I have here a letter from a young man who I will call David. David is feeling isolated due to the coronavirus quarantine. He writes:
“Hey Sean, I see all these people doing Zoom calls and Face-timing and stuff, and nobody wants to do a video chat with me or whatever. I’m realizing how truly alone I am.
“Since my school cancelled I have been social distancing and you know how everybody’s always saying it’s so hard and how they miss their friends and stuff? Well, I’m not trying to make you feel sorry for me, it’s just hard because I don’t think anybody’s worried about me.”
David, you don’t have to tell me about having no friends. I understand this issue all too well. Probably everyone reading this understands you, too.
Personally, I’ve been through many different friend-phases of life. I’ve been through a phase where I had no pals. I’ve also been through phases when I had buddies crawling out of the cracks, always wanting to borrow 200 bucks.
Friends always want to borrow 200 bucks. I know you think it’s glamorous to have lots of friends, but it’s actually pretty expensive, and non-tax-deductible. When you have tons of friends you are bound to have many who are flat broke.
FRIEND: I’m broke.
YOU: How broke?
FRIEND: For dinner my family goes to KFC to lick other people’s fingers. Can I have 200 bucks?
So we can see that having too many friends is not necessarily a blessing.
I am not making the following anecdote up when I tell you that I was once at a casino in Biloxi, Mississippi, celebrating a friend’s birthday when THIS SAME friend looked at me and said, “I can’t afford to pay my rent this month.”
This was said during the exact moment I was breaking the leg off an Alaskan snow crab that was the size of a Buick Roadmaster on the buffet. My friend asked me and our mutual pal, Dean, for 500 bucks. What do you think Dean and I did as committed friends? That’s right, we did what all good friends would do, we drowned him in the clarified butter sauce.
The thing is, I don’t know if you know this, but you don’t need many friends. In fact, I don’t think it’s possible to have many “close” friends. Neither would it be possible to have tons of wives, mothers, or IRS auditors. No, a close friend is a rare thing, David. Sometimes you only get a few in this lifetime. So the fact that tons of people aren’t asking you to video chat means nothing.
Besides, what’s the big deal about video phone calls anyway? I’ve never met anyone who looks attractive on those tiny selfie cellphone cameras.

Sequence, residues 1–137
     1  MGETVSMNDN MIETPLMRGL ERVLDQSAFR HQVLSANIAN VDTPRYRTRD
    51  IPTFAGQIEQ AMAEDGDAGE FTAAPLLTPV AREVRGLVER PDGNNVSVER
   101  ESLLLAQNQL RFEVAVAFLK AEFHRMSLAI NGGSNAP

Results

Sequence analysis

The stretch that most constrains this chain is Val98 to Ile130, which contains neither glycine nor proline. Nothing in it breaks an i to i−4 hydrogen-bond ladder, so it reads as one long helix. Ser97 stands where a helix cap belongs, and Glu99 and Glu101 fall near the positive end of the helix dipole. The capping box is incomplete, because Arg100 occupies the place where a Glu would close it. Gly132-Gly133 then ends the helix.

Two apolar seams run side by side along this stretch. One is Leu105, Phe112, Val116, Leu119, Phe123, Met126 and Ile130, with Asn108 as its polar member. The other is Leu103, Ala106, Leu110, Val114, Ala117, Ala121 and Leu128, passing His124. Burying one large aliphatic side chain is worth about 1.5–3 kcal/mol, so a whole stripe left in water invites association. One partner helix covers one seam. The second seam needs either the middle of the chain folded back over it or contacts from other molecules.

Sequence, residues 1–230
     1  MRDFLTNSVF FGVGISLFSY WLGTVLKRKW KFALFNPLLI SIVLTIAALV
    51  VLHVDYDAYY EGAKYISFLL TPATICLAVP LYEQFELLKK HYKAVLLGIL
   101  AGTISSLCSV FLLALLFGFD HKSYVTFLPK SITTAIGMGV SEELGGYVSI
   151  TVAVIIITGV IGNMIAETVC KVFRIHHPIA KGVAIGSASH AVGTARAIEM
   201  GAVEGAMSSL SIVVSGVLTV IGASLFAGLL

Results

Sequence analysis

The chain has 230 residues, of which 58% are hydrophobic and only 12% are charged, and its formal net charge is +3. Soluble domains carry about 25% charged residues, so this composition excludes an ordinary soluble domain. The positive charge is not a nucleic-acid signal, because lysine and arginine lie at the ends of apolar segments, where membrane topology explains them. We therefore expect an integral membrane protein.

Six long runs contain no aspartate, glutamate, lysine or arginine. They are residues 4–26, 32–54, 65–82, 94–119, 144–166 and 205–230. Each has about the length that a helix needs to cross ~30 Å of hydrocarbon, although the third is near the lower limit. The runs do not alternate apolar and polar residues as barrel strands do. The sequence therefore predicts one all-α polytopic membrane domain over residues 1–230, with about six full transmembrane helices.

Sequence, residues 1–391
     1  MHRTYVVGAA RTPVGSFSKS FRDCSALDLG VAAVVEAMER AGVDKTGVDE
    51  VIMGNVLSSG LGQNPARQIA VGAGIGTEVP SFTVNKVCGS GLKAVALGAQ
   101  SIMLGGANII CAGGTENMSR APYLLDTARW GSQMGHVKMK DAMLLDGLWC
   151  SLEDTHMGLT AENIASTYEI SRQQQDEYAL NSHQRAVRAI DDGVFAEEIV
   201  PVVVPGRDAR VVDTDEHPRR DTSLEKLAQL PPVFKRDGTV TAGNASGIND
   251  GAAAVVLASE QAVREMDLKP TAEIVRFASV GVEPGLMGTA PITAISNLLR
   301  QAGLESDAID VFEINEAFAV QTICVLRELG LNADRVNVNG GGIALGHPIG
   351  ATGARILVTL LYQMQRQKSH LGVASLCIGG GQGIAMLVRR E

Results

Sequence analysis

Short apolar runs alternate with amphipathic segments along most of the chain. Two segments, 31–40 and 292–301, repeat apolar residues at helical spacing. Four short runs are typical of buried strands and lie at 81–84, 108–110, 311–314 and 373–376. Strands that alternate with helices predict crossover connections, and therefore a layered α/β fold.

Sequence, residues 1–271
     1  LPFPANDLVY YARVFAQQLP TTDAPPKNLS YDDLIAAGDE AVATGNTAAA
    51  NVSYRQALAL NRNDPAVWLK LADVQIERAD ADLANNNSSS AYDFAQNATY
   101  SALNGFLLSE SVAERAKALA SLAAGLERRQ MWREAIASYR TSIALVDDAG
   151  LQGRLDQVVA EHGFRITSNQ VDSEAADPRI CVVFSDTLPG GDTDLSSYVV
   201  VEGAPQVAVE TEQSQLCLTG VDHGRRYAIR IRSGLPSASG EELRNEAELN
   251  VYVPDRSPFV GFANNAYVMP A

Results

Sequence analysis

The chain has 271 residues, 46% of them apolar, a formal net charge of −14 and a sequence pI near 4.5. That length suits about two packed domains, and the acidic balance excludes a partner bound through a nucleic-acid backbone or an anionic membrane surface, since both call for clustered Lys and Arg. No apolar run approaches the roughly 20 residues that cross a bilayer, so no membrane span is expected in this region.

Whenever my cellphone camera turns on, I look like a giant Vienna sausage without a chin on the screen. You’re not missing anything special.
Even so, I might be going out on a limb here, but I think what’s really bothering you is popularity. Very few of us were popular growing up. But after all these years I’ve discovered something I wish I would have known. There’s no difference between popular kids and the other kind of kids.
Sure, popular kids might have more video calls, and more attendees at their birthday parties, but they certainly don’t have any more fun than we unpopular kids have.
I once knew a kid named Alan who would’ve given his eye teeth to be a popular kid. In fact, he would’ve given his eye teeth just to be standing within body-odor-smelling distance of a popular kid. He was always tagging along with them. That’s how desperate he was.
But one year, when he had his 13th birthday party, he invited all the popular kids to his shindig and (guess what?) none of them came. Do you know who attended his party? Us dweebs.
That’s right, we dweeb-meisters were all standing around wearing little pointy hats while Alan’s mother made us play Twister, which is a game that should not be played at the birthday party of a 13-year-old boy. It’s just plain weird. Especially when Alan’s older sister, Melanie, got involved.
What I’m getting at is that there are lots of shallow folks who care too much about popularity and having tons of friends and they miss out on the little stuff in life.
These people will do anything to fit in. If all the popular kids, for instance, are listening to a band called the Metal Death Scum Suck Project, they will listen, too. They will even listen if the band sounds like a pack of dying hamsters caught in the conveyor belt of a manure spreader.
Folks with hordes of friends can be just as lonely as guys with only one or two friends. You will find that, as you get older, real friends are hard to come by. And by hard, I mean HARD.
Furthermore, popular kids might seem great, but they miss out on many of the joyous rites of passage that we unpopular kids are fortunate enough to experience. Wonderful things like:
—Getting snapped with towels in the locker room.
—Asking your own aunt to prom.
I promise you, there will come a day when you’ll remember that you wrote me this letter, and you will laugh about it. You will reread my response and you’ll think to yourself: “Wow, I can’t believe I was so worried! I have a great life, a family, and great friends!”
Anyway, I guess what I’m trying to say is: This quarantine sucks. If you’re not busy this afternoon, let’s do a video call. I’m free whenever you are.
Also, I need 200 bucks.